The “Super B” Cummins offered by Haisley Machine utilizes the factory 6.7L B-series block as its foundation, but the water jackets are filled with concrete, Darton sleeves that protrude past the block’s deck surface are added to the cylinders, and a deck plate is utilized to eliminate cylinder bore distortion. Haisley also integrates a one-piece bed plate, billet-steel connecting rods, low compression pistons (typically in the realm of 12:1) and a roller cam into its short block builds. Displacement on a typical Haisley-built Cummins competing in the Super Stock class ranges between 390 and 400 cubic inches, dry sump oiling systems are employed and (depending on driver preference) engines carry anywhere from 4,500 to 6,000 rpm as they head down track.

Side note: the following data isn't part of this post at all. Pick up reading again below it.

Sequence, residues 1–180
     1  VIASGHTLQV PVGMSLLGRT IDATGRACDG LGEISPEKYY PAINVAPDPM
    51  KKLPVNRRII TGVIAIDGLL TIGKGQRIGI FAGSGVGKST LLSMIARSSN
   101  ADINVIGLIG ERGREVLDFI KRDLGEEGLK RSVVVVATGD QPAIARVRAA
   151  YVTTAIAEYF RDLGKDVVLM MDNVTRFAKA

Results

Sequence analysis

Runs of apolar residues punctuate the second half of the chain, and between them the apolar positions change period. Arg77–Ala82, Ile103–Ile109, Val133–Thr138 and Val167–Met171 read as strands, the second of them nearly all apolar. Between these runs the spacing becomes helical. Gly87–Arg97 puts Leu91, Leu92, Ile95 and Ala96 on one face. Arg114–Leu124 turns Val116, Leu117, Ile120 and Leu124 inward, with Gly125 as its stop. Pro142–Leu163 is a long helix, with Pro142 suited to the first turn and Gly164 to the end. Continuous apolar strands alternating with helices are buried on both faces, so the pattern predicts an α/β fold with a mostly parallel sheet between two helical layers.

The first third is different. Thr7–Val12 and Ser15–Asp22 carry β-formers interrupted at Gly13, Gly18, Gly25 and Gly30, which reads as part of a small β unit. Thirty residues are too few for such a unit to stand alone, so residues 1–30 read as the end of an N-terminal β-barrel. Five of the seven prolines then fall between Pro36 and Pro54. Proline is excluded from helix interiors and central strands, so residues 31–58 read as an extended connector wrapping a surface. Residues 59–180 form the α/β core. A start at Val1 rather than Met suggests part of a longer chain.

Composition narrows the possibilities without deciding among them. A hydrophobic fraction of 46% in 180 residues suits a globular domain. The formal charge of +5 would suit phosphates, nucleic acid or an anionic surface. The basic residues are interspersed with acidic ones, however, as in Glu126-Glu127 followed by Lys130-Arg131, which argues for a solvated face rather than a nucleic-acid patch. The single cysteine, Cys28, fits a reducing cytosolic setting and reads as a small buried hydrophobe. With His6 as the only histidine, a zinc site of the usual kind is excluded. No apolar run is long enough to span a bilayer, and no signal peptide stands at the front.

Aluminum Block (Scheid Diesel)

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While Scheid Diesel puts its fair share of deck-plate, 6.7L-based Cummins mills together as well, its billet-aluminum blocks have become the crankcase of choice for its Super Stock customers. Built with similar rotating assembly components, Scheid’s aluminum blocks also feature steel cylinder sleeves, but a deck plate is no longer necessary. Scheid’s billet-aluminum blocks are holding up to 3,000 hp and boost pressures in excess of 120 psi in half a dozen Super Stock applications.